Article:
Monday, February 2, 2009


It is both Candlemas and Groundhog day, and you can take it from me that the signs are very auspicious – at any rate, if you live in the south-east of England they are, and if you don’t then I have it on good authority that all you need to do is change the name of the place where you are living and it will all come right. For there is thick snow on the ground and the slow, white stuff has been falling all day. Everything has ground to a halt, as it does in sweet Albion whenever there is anything that one might call weather happening. So people don’t go to work or school or anywhere, unless there is a dire emergency like running out of milk for one’s essential caffe latte or to get a copy of the Guardian newspaper (the latter is Mr. Signs’ emergency, for the sport and crossword pages wait for no man). According to a commentator on radio 4, people are out having fun in parks with sledges, throwing snowballs or just chilling warmly at home and we need more days like this (says the commentator) because we are completely losing the plot in terms of work/life balance and becoming a nation of dull and stressed-out Jacks and Jills. Be that as it may, my life dances to a different drum beat so a bit of weather doesn’t particularly affect me personally, other than worrying about children of Signs having enough winter thermals and son’s bicycle slipping on the ice.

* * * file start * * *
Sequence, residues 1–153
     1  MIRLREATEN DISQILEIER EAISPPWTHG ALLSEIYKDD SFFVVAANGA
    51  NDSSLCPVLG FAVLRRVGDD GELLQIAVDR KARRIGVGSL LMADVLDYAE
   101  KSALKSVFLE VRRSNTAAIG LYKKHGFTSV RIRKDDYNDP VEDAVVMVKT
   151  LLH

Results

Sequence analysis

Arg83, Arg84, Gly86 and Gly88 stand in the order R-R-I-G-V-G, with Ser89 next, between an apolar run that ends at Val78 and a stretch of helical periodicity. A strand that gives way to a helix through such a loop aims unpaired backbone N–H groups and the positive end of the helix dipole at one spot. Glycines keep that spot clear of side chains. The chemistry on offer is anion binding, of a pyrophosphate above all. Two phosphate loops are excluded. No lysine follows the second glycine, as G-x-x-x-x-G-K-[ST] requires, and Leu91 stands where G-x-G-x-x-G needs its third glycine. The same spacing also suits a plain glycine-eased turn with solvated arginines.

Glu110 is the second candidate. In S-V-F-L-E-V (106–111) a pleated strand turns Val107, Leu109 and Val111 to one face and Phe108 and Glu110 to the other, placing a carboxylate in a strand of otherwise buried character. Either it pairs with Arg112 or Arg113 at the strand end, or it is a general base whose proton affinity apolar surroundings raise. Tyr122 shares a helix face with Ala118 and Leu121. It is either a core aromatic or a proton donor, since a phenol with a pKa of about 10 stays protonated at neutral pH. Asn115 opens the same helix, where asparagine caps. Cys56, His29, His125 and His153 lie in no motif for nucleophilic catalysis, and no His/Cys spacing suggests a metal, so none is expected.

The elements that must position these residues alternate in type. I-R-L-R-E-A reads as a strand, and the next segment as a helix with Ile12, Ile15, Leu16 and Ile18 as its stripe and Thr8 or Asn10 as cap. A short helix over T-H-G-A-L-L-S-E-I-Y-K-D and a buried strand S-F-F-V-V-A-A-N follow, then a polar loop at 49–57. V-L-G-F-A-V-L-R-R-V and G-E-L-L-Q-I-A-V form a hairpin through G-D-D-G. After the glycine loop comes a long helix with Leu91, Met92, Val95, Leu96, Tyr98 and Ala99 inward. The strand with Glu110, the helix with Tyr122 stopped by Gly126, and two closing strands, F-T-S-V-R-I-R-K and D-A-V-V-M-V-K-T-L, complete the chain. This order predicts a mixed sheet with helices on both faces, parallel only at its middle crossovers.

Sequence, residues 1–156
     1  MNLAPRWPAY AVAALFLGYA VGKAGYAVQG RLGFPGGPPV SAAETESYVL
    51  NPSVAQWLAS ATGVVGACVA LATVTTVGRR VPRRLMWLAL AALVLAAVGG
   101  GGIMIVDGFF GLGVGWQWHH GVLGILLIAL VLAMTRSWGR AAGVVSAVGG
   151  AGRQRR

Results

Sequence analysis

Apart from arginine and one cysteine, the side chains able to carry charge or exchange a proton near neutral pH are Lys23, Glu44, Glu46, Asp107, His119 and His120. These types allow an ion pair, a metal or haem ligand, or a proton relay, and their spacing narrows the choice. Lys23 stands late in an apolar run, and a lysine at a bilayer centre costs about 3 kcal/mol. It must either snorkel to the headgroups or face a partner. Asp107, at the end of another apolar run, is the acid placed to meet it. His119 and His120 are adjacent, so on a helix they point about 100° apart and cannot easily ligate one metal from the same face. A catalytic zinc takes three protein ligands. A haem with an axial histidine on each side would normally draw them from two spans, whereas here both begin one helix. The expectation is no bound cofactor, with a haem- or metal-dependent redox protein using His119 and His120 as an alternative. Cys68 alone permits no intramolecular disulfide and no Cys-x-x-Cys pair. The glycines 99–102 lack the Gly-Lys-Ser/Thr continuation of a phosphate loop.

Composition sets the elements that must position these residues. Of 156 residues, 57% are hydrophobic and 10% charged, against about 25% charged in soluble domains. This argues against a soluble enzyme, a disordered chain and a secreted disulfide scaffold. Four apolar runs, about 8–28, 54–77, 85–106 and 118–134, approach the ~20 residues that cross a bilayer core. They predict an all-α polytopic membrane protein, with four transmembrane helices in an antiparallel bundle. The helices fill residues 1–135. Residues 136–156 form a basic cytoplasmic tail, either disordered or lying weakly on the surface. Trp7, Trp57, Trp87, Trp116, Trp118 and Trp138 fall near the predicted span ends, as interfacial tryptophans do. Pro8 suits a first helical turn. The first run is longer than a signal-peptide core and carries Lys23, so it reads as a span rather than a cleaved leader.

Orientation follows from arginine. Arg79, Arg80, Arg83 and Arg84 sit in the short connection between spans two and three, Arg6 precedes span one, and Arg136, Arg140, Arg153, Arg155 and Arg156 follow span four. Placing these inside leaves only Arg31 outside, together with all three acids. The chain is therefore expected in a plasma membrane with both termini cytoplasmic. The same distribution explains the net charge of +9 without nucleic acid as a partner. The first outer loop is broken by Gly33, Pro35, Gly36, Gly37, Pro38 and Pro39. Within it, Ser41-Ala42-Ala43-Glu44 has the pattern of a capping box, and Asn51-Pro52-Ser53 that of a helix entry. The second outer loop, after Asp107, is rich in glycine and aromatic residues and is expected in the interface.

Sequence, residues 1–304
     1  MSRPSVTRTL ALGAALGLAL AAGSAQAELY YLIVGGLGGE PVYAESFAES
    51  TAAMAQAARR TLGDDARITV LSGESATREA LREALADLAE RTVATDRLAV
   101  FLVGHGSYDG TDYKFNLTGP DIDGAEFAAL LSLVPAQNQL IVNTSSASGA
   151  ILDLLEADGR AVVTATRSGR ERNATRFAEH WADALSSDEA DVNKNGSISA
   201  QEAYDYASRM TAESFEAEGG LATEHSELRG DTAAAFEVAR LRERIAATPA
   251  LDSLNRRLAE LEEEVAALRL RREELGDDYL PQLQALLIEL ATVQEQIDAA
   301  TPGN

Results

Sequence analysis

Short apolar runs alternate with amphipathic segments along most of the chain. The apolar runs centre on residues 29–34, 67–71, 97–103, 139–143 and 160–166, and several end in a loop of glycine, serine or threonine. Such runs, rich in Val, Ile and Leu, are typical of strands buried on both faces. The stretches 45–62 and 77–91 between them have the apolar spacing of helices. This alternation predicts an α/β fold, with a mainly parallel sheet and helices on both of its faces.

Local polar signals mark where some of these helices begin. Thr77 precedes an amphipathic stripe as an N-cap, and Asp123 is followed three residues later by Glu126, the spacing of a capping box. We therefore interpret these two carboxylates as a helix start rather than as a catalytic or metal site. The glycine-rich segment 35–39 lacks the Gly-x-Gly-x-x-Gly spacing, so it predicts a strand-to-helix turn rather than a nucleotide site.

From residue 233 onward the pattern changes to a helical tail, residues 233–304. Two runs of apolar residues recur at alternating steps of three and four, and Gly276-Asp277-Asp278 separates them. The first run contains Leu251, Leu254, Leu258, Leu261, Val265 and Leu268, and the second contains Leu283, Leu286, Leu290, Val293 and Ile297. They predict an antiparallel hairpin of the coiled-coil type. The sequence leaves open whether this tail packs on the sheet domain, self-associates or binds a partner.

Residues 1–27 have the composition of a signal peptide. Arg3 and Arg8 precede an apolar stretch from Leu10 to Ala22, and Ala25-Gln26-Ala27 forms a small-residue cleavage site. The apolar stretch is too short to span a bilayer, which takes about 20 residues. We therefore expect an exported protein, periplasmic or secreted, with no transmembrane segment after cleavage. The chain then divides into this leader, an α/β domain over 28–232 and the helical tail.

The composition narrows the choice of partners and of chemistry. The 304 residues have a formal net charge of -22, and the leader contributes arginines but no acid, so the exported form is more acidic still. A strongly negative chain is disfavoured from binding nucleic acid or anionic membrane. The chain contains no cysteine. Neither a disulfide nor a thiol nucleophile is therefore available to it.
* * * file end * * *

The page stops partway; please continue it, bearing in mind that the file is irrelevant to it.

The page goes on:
I had planned, though, to get a few things done today and stuff printed off, put in an envelope and posted. But today was migrainey – not quite the same as full-blown migraine but a kind of weaker, younger sister of the real thing. So a nothing-very-much day, other than looking from my bed at the snow that kept falling on the rooftops and swirling around the trees; and thinking about how auspicious it all was because:

If candlemas day be fair and bright,
winter will take another flight;
if candlemas day be cloud and rain,
winter is gone and will not come again

(If I had changed “rain” to “snow” it would not have rhymed).

I have been given a particularly dense and fragrant beeswax candle by the ancient woman who is the nearest I have to a godmother and looks like Mother Holle herself. I will be lighting it.


Zhoen said...

Sorry about the migrainey thing, been there. But the slow-snow day sounds wonderful.

If the Groundhog sees his shadow, we get six more weeks of winter. If he doesn't, it'll be another month and a half.

trousers said...

I too am hoping that the migraine hasn't troubled you to an untoward degree.

It may (or may not) be interesting that I raised an eyebrow, given your statement that the weather doesn't affect you personally.

This is, of course, based entirely upon my own assumptions, therefore little need be made of it (and what can be made of a raised eyebrow after all?).

But, for the sake of academic reasons: raking through those assumptions, I would have assumed that you would have welcomed the snow, given that it resembles proper winter weather, and requires a certain degree of coldness as commensurate with the season.